The ability to change codes on cartons often and the need for clean virtually maintenance-free operation were keys in PPG Industries Inc. choice of case coding equipment at its East Point GA plant.
The plant has multiple lines that package paints in quarts and gallons under a range of brand names including Pittsburgh® Paints Olympic® Paints and Stains and Porter® Paints. The paint cans are cased on packers and move along a conveyor to a palletizer.
Downstream of the case packers and before the palletizer each case gets coding information. “We have a large number of codes” says Hugh Bishop plant engineer at PPG Industries. “What’s the color and the brand what are lot and batch codes and what are the customer’s specifications?”
The variety of coding demands dictated a computer-driven coding system such as inkjet technology. But the need for simple maintenance led PPG Industries to adopt PRISM’s JETPACK line of printers using HP thermal inkjet technology. The printers delivered advantages compared to alternative inkjet techniques.
“We were adding a fourth case packer to the plant and we were looking for some alternatives to our earlier inkjet equipment” Bishop explains.
The lines that were already in operation were equipped with other inkjet equipment and maintenance of the print heads was the biggest shortcoming of the equipment according to Bishop. “The print heads would cost between $3 and $5 each and the print quality would degrade through normal use” Bishop explains. “We would have to pull print heads and have them repaired or rebuilt adding to our costs and maintenance requirements”
Human-readable bar code capability
Bishop says plant personnel saw the HP thermal inkjet equipment at a trade show in Atlanta. It was demonstrated by PRISM Incorporated an HP partner in applying thermal inkjet technology for packaging operations. The product is called the JETPACK 5000. It is a product in the JETPACK line of carton marking and coding solutions. The units configured by PRISM feature multiple print heads that can be used in combination to produce both human-readable characters and bar codes up to 2 inches in height.
The technology leverages simple proven thermal inkjet cartridges and adds industrial-grade ink formulations that meet requirement of package coding end users. The low cost of print cartridges allows a packager to replace them on a schedule that fits the packager’s maintenance strategy—changing them even as frequently as when changing ink supplies. It simplifies maintenance and consistently delivers the print quality.
PPG Industries installed the first of the new printers on a line coding cases for quart cans of paint. Guide rails position cases approximately 1?16-inch from the print heads. The print heads are mounted to create codes on the top end flap of each case as it moves down the conveyor to the palletizer. Line speeds vary and the coding equipment speed varies to accommodate changes in conveyor line speed.
Typical codes are two lines with a distance of 11?2 to 2 inches from the top of the top code to the bottom of the bottom code. A typical code has a lot or batch code on the top and human-readable information on the bottom. The four overlapping print heads allow variation in the codes. “Some codes are an inch high and we use two print heads to do that” Bishop says.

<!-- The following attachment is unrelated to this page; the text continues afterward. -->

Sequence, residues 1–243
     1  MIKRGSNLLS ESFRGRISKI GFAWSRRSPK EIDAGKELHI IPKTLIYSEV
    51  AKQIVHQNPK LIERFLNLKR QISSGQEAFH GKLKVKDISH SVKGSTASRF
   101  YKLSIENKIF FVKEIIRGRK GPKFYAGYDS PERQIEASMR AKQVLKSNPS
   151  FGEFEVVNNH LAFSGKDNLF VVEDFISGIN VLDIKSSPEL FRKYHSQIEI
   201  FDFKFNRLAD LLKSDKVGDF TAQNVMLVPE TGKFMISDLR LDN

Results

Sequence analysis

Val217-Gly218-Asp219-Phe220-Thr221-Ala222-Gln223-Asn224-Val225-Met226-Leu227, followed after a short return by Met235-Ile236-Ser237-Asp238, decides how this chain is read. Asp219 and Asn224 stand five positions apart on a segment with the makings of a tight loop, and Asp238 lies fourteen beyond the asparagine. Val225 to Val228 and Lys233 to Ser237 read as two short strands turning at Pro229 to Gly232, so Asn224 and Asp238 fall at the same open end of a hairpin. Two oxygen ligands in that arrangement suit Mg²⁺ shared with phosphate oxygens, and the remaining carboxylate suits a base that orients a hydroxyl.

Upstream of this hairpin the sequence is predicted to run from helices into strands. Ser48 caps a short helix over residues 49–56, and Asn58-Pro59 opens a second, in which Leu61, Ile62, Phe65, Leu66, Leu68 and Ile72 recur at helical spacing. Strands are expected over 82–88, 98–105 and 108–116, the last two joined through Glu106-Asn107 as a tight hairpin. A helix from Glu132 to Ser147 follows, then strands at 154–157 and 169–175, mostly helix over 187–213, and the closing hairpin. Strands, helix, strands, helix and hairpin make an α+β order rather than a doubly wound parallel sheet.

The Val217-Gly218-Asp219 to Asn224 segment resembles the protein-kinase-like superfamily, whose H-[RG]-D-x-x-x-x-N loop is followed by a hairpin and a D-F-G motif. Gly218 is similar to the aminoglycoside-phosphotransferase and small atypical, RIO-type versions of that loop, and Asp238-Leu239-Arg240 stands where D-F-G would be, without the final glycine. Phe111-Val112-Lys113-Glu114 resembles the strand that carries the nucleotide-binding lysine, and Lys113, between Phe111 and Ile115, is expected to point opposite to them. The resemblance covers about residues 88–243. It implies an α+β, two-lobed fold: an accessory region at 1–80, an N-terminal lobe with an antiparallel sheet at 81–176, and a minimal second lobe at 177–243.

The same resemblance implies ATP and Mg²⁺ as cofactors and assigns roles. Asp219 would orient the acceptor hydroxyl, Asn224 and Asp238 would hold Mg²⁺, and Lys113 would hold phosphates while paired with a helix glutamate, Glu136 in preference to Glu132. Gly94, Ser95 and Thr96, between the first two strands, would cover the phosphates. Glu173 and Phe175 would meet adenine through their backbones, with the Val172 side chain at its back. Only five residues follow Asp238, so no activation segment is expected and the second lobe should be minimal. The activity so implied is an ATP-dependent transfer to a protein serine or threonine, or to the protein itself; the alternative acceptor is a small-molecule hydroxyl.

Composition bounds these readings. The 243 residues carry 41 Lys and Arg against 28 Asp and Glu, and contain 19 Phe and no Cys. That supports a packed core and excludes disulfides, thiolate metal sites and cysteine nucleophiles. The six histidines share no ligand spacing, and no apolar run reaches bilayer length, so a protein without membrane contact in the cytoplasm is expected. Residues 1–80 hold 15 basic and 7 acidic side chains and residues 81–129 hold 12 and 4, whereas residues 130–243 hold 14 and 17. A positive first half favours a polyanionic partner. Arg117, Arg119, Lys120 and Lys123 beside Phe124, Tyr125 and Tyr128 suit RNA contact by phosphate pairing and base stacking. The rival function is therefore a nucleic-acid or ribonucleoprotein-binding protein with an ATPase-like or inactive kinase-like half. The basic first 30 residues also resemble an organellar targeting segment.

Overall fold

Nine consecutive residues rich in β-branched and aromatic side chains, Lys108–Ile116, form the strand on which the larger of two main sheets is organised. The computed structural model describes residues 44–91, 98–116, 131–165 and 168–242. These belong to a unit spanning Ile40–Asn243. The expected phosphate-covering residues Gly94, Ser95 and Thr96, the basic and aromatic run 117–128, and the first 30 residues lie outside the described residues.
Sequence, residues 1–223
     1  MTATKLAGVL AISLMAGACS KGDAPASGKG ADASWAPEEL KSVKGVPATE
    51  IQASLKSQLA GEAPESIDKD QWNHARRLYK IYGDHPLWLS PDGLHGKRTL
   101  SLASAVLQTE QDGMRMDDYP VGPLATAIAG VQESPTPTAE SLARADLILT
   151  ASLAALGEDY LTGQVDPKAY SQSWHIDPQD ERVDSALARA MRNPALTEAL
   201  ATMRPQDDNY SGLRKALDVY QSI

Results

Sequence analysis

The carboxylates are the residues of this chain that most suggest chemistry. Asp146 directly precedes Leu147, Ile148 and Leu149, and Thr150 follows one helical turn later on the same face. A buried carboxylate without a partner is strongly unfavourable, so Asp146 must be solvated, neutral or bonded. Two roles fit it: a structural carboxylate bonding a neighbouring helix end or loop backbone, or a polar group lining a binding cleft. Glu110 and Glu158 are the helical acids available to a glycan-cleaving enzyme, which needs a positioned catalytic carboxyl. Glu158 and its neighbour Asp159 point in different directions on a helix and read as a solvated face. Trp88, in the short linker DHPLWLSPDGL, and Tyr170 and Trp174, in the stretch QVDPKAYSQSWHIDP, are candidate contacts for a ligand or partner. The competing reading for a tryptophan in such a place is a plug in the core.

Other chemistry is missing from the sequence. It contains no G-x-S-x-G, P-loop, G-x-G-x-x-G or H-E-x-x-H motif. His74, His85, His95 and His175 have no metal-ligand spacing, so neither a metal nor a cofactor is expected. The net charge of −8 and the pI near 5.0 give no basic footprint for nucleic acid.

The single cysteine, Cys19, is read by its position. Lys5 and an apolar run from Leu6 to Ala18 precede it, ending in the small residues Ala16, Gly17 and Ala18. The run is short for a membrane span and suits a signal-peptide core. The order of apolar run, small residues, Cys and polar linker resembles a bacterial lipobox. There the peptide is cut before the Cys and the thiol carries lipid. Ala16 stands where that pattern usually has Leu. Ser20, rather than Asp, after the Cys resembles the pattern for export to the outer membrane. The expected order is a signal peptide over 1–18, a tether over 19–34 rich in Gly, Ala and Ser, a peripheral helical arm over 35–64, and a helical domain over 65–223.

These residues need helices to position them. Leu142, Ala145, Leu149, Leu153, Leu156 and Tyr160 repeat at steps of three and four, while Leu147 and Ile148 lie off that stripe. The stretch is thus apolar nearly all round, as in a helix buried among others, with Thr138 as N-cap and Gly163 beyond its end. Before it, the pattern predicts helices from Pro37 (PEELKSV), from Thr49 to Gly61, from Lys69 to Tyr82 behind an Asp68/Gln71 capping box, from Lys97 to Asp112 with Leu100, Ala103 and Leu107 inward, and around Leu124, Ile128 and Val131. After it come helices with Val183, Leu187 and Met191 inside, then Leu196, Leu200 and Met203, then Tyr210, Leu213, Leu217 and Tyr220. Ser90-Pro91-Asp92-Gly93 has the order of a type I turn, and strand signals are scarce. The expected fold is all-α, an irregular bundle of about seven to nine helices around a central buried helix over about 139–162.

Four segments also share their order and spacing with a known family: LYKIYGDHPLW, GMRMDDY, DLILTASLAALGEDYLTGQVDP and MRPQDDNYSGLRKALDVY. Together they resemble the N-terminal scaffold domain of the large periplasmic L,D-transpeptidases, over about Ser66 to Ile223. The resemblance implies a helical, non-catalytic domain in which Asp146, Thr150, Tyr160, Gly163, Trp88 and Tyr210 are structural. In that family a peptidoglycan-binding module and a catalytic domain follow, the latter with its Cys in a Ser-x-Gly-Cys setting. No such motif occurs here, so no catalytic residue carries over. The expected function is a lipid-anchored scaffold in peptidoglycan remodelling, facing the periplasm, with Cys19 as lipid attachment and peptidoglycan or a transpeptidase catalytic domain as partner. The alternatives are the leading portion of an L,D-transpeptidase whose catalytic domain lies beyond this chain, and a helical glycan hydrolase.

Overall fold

The system is networked through a computer that controls all four PRISM printers in the plant. PPG Industries personnel initiate the coding setup by scanning the bar code on a can of paint from the run. The procedure eliminates errors that might be introduced by keying in code information into the printer’s controller. The computer then sends the information to the controller of the appropriate printer.
Controller provides back-up
Each printer has its own controller with a touch screen. Standard operating procedures do not utilize the touch screen at the controller. However Bishop notes “The touch screen allows programming at the controller giving us a back up if we need it.”
Ink feeds to the print heads from a bag-in-box ink supply. Each box holds 370 milliliters of ink. This configuration works best for the PPG Industries operation but other ink supply configurations are available.
The procedure at the East Point plant is to change the print heads when changing the bulk ink supply. The ink supply is connected to the print head with a plastic tube affixed to the print head.
“When you run out of ink you change out the whole thing—the box of ink the tube and the print head” Bishop explains. “The beauty of this is that you can change the print head as fast as you can change the print head in a DeskJet printer. It is just ‘pop out’ and ‘pop in.’
“It got to the point I could change a print head between two boxes coming down the conveyor” Bishop says.
Following the success with the new quart line PPG Industries retrofitted JETPACK 5000 printers on the plant’s existing lines that run quarts and gallons. Printers on lines that run gallons see the most use running three shifts a day.
“There are cost advantages both from the cost of the ink and the maintenance” Bishop continues. “These printers are neat and clean compared to what we were doing. There are a lot of little advantages. Clean up only requires water. And the earlier printers had a tendency to leak on the floor creating a mess.”
All these factors combine to produce a lower total cost of ownership (TCO) than other coding and marking solutions.